Kids Corner


How To Hear God’s Multiple Voices?
The Silence Of Obedience And Expectation -
Part III









Continued from yesterday …



What would the Guru Granth be if no one responded to it? A mantric heirloom?

It is impossible to read scripture without interpretation. Yet, interpretation is actually the way readers disclose their understanding and connect with others. Interpretation is listening or refusing to listen.

The point of interpretation within the framework of a silence of expectation that connects to someone, is not too discern the truth of the text for all to see and praise. But to interpret the text in such a way that it draws others to the text and inspires them to respond to its deep silent call (Carse).

The Guru Granth, like other scriptures, does not contain great truths as such, but a style of writing and a mode of engagement that searches us and questions us more deeply. Scripture does not lead us to shout its truths from the roof tops, but quite the contrary, it leads us to a richer silence. It is that subtle yet comprehensive silence that yearns to be shared, because that silence is a form of listening without which communication with the other is not possible.

The voices of the Guru Granth Sahib then do not demand that we create a theology of monotheism out of them. The prevailing interpretation of Sikhism as a “moral monotheism” operates in such a way that it speaks over those 37 voices contained in the Guru Granth – in other words this interpretation does not only command a silence of obedience from us, but it also silences those within the text as well.

Rather, the Guru Granth Sahib is solely concerned with the silence of expectation. By speaking to us as a guru, it demands a response from us by creating a new voice in us. The Guru Granth is a Guru that speaks to us directly and personally. It is not a treatise about the nature of God, let alone a doctrine of monotheism. Each new page of the Guru Granth Sahib does not reduce the mystery of truth, god, reality, but shows just how much more inexhaustible that mystery is.

And it is this wonder that is the ground of begging or prayer. When in epiphany you realize that your map of the world was all wrong – simply your map – then you beg for guidance: for the terrain of life is actually experienced as unknowable and unpredictable.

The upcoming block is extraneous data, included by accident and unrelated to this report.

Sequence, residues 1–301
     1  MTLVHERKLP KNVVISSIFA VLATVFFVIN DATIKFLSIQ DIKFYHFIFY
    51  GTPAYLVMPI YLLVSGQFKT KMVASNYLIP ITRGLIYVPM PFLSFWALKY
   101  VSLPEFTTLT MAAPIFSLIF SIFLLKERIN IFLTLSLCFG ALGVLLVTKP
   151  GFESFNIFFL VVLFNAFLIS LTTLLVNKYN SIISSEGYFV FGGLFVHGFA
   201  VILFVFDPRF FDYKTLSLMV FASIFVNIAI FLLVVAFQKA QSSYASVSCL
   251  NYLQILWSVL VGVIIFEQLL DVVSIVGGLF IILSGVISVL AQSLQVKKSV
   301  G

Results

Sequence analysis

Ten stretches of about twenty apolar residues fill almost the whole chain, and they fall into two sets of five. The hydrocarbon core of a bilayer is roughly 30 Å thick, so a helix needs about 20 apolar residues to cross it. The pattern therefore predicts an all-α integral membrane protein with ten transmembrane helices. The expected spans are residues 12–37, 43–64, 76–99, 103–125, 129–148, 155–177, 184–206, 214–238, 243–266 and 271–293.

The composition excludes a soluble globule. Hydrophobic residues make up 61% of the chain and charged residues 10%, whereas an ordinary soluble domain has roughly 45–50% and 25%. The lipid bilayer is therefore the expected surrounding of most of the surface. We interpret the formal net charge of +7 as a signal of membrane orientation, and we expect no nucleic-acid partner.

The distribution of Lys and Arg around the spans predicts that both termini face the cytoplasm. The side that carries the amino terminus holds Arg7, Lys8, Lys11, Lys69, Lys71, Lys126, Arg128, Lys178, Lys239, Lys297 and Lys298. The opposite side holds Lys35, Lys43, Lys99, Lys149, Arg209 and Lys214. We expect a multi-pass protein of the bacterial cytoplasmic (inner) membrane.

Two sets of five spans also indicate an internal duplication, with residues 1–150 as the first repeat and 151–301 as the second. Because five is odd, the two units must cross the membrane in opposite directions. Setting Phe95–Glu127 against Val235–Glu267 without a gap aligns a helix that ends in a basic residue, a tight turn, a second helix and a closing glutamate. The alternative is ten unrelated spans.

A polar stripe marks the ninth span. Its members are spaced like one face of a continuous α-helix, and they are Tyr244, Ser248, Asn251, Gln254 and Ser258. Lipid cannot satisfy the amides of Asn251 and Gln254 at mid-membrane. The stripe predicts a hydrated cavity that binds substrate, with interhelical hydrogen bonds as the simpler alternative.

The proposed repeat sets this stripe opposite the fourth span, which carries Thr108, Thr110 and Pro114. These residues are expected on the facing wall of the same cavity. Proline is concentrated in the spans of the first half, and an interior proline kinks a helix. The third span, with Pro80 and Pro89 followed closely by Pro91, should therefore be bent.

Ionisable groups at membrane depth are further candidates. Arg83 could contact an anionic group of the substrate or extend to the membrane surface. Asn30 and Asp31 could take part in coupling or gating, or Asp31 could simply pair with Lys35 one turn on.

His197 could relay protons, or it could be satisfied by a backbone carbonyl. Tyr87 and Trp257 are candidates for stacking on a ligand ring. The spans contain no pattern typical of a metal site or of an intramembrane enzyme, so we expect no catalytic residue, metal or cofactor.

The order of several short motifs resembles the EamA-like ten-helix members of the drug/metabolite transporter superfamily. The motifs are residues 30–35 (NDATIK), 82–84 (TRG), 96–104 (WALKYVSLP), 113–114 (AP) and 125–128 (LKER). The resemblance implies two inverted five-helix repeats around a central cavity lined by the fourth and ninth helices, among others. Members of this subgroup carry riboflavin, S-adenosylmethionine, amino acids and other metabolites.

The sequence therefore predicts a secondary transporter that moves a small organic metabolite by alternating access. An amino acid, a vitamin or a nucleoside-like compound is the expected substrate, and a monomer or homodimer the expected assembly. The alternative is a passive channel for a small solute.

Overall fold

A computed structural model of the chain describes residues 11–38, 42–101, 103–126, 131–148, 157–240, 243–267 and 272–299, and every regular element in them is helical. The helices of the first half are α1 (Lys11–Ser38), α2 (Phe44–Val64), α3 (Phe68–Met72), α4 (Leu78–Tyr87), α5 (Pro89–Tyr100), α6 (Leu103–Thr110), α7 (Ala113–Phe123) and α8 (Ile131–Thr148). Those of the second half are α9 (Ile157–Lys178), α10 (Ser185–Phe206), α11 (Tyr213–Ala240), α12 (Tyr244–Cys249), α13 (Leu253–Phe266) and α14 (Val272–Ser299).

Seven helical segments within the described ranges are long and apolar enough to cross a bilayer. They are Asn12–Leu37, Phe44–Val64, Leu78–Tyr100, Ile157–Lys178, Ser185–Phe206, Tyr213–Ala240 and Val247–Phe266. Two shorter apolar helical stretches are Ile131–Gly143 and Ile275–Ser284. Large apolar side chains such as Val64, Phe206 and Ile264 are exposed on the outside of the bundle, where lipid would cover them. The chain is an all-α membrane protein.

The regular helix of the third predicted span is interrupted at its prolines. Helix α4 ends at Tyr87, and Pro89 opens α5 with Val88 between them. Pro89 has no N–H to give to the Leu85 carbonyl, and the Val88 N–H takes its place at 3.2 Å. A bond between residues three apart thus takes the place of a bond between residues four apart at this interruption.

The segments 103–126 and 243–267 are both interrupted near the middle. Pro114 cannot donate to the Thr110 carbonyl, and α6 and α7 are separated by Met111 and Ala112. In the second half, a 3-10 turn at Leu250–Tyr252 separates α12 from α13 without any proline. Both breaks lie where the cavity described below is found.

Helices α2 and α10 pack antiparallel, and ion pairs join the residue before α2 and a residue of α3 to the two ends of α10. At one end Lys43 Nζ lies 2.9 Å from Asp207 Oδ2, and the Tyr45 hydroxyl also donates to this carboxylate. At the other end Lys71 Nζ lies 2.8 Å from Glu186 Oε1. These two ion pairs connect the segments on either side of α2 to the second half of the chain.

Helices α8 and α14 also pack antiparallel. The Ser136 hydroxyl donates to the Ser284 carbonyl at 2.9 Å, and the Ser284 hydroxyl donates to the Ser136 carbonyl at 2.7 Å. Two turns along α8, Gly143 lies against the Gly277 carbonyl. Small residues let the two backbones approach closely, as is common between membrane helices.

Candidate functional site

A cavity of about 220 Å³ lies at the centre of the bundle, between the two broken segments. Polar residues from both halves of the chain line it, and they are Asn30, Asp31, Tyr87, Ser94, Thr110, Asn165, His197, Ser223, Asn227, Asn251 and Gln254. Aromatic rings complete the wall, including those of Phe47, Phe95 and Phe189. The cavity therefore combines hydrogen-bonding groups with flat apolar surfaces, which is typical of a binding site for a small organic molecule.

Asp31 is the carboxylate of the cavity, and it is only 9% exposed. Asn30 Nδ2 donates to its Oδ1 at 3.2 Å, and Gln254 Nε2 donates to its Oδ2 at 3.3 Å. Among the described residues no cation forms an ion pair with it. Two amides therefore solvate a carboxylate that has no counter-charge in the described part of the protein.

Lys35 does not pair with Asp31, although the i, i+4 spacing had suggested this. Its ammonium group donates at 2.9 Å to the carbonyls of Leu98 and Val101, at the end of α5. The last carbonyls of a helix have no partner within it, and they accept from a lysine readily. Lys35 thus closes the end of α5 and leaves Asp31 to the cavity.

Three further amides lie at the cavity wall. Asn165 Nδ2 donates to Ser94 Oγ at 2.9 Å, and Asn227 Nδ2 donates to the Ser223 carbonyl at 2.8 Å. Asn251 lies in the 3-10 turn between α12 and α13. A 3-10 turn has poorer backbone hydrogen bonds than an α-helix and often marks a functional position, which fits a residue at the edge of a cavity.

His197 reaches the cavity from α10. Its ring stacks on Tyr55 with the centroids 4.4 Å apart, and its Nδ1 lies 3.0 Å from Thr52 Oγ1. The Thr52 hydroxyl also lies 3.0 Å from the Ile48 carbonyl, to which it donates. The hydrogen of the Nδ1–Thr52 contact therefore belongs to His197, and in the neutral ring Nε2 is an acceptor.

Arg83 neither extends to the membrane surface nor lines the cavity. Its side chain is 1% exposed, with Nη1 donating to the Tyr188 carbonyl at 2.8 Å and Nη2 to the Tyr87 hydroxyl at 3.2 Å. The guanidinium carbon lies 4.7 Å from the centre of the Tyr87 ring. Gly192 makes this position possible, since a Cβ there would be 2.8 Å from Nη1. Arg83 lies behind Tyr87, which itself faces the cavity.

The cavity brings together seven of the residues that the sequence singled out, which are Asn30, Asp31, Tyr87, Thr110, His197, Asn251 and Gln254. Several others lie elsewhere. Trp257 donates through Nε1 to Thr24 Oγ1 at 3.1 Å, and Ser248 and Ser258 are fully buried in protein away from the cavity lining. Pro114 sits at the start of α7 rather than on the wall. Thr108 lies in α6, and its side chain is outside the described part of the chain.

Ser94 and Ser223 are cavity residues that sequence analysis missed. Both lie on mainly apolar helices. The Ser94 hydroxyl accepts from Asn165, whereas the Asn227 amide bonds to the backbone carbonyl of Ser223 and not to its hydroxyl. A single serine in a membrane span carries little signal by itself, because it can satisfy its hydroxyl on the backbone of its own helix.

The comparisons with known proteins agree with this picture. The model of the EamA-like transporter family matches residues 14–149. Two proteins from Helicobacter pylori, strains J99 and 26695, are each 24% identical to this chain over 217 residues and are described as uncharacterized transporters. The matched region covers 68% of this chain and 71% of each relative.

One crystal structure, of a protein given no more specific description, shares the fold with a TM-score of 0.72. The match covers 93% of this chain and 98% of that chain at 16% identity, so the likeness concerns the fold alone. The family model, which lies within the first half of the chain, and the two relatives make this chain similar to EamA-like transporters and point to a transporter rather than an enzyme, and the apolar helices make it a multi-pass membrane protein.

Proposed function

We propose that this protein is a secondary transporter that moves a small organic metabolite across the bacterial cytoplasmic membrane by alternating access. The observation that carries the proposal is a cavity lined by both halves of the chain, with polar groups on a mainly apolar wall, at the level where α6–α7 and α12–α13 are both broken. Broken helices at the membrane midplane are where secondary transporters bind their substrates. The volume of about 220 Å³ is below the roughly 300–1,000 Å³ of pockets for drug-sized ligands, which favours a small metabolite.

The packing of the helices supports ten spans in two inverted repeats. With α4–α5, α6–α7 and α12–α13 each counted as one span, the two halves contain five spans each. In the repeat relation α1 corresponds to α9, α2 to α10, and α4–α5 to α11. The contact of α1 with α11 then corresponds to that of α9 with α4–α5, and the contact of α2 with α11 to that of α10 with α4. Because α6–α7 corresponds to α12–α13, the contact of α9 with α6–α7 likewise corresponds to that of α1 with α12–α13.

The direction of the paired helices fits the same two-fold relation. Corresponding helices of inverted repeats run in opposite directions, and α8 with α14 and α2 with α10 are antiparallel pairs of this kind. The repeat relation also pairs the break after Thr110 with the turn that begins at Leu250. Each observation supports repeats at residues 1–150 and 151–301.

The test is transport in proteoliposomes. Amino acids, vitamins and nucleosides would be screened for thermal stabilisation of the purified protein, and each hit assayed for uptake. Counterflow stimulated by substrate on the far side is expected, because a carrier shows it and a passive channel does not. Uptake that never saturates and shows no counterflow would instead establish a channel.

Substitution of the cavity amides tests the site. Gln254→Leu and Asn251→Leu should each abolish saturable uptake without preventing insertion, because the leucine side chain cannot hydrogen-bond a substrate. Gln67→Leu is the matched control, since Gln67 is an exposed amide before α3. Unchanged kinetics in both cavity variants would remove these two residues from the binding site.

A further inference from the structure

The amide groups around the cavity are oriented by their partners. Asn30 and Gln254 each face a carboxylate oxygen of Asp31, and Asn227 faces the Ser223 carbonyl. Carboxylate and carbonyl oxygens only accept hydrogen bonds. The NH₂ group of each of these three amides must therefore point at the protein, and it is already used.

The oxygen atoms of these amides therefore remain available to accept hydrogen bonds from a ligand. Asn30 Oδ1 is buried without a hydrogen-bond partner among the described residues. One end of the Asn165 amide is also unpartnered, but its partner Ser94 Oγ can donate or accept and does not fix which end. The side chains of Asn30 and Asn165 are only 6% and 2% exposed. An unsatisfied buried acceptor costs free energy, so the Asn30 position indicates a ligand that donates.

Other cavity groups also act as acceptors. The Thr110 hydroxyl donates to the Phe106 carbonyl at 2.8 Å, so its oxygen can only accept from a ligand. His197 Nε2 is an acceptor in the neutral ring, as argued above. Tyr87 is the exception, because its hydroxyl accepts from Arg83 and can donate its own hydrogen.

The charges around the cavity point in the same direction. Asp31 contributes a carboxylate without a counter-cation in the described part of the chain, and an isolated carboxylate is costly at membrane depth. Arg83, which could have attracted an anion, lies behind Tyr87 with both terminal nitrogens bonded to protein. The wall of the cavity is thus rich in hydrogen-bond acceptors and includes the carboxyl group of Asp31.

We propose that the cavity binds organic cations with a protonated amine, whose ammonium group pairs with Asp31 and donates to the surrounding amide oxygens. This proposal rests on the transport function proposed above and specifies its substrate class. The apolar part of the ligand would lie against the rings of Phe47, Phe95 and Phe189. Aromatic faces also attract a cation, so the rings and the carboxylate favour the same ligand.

Central to Sikh scripture is not a belief in God per se, but the necessity to lose the self - aap gavaiiai. This is the root to speaking to someone, and as such the foundation of any and all inter-religous dialogue and interaction; this will help us hear God’s multiple voices: losing the self as a mode of becoming-in- the-world; here can be no religious dialogue with selves. Thus interreligoius dialogue must bring into the centre of the picture the egos in dialogue: this should be a moment of acute embarrassment, of fear and trembling.

For it is easy to talk about theology, it is rather more difficult to live one’s beliefs.

Third Pair: Theatrical or Dramatic Speech?

The silence of expectation is a power, and listening is its raw energy source.

Carse writes, “If I genuinely trust you, I can expect you to do exactly what I do not want, but exactly what I need for growth”.

Thus from God, over whom we can exercise no control whatsoever, we can expect only surprise. Turning to God we risk all that we have, not that we will lose our lives, it is rather that we will lose our lives for the sake of new life.

Theatrical speech occurs when we have already determined what the listeners are to hear. We deliver our speech as though it were a script … It does not matter which persons are in the theatre, or if anyone is there at all. On the other hand, Dramatic speech occurs when we relinquish all control over our words as mystics do, and therefore cannot know in advance how they will be received - entering a space of mutual reciprocity and co-creativity.

Theatrical speech leads to the amplification of one voice over others; dramatic speech seeks a resonance of voices. Unfortunately the lecture’s monological form is that of theatrical and amplified speech, rarely do elements of drama enter.

I hope that questions raised by what I have said here will shed further light on what dramatic speech is all about.